The exact numbers aren’t really known, but according to Wikipedia as of 2010 960 million people speak Mandarin as native speakers. Adding learners of Mandarin on top of that you easily get over the 1 billion people mark.
Even though English is still by far the most important language and also the one most people speak around the world when putting native and non-native speakers together, Mandarin is catching up and is giving English a run for its money – particularly in Asia.
Mandarin is the national language throughout China and among the official languages in China’s special economic regions like Hong Kong. The language is also one of Singapore’s four official languages, among the official languages of Myanmar and one of six official languages in the UN!
Mandarin belongs to the Sino-Tibetan language family. Broken down further, Mandarin is part of the Chinese language family, which is part of the Sinitic family. Other languages within this family include Old Chinese, Tibetan, and Burmese.
Mandarin is technical a dialect itself modelled mainly after the Beijing dialect. There are some “Northern dialects” still in use in some territories, which are often referred to as “Early Mandarin” or “Old Mandarin.” Other Chinese dialects are traditionally given their geographic name, including the Hebei dialect and the Sichuan dialect.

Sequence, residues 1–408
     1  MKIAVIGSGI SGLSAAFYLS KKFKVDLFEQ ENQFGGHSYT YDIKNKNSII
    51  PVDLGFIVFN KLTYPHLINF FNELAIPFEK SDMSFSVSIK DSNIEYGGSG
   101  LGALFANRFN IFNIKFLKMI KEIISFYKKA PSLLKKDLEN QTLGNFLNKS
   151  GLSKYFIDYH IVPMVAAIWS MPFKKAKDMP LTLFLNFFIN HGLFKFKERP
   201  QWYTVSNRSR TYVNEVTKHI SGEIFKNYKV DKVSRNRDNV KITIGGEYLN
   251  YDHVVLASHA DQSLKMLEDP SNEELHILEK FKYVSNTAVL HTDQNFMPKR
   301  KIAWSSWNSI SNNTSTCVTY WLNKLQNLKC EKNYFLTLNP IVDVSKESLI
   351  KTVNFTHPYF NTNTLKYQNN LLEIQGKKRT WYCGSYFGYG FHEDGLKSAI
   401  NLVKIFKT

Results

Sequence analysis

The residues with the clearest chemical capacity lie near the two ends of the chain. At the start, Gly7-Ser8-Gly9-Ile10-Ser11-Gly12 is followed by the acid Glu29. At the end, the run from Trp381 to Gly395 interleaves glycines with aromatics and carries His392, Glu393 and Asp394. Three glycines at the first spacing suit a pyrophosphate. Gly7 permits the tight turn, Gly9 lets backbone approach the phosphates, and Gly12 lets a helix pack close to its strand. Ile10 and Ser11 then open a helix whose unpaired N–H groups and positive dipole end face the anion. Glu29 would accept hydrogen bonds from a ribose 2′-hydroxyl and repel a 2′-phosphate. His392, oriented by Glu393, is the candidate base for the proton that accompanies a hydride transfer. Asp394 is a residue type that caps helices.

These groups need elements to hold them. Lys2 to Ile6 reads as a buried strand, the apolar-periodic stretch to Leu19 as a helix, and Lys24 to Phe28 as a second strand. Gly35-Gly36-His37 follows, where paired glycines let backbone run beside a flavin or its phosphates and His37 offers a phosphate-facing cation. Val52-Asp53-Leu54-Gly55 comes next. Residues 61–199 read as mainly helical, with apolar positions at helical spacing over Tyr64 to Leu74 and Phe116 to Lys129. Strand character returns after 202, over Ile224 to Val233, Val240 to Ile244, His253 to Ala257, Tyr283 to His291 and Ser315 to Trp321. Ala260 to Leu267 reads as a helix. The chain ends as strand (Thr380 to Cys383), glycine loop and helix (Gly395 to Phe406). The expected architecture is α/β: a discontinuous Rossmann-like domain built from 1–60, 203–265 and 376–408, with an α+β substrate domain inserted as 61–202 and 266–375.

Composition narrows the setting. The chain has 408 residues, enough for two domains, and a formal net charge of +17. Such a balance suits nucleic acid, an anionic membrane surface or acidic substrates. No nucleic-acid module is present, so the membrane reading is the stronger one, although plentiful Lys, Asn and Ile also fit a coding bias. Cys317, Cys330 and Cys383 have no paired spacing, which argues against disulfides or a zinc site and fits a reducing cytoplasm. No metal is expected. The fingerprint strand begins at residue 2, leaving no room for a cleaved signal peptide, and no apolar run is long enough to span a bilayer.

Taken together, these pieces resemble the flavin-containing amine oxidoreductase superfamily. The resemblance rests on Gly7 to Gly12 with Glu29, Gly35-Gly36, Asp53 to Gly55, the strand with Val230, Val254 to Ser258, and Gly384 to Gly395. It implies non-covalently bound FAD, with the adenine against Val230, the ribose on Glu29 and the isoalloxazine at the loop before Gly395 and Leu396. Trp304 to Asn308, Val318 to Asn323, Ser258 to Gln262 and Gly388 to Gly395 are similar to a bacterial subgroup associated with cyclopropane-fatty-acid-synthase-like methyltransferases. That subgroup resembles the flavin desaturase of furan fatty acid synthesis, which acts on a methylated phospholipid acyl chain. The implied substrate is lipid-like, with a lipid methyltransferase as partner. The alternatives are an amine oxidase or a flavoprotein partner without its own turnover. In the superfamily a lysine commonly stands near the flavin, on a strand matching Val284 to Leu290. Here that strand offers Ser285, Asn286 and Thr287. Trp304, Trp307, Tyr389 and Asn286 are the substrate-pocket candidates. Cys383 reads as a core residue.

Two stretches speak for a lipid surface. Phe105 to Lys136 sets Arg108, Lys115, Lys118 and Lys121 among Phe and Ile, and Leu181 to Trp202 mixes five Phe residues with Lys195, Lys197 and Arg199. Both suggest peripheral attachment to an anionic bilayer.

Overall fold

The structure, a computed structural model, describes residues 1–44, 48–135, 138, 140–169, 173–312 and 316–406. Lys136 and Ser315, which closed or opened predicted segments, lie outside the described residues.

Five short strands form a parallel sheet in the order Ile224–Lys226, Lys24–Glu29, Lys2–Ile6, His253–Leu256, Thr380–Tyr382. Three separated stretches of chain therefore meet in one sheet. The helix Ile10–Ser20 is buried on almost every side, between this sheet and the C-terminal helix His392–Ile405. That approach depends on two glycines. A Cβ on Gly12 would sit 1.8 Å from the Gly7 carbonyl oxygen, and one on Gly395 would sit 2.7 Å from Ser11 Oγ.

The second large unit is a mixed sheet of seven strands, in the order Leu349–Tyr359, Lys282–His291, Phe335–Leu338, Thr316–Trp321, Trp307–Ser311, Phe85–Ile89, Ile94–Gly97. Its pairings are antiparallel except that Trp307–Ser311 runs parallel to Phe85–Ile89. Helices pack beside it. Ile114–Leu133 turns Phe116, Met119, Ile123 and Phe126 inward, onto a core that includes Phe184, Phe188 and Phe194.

Due to the popularity of the language, you would think it would be easy to learn Mandarin. However, the U.S.’ Foreign Service Institute (FSI) ranks this as one of the hardest languages for English speakers to learn. It’s ranked in Category III with Japanese and Cantonese.
Category III means that it will take around 2,200 hours of study. This would mean about 88 weeks to become fluent in the language.
It’s worth noting that the length of time it takes to learn the language is dependent on your skills. If you’ve already learned one of the other Category III languages or you have a natural ability to learn new languages, you may find that it takes less time to pick up Mandarin.
The FSI also encourages students to spend half of their learning time in the country where the dialect is spoken.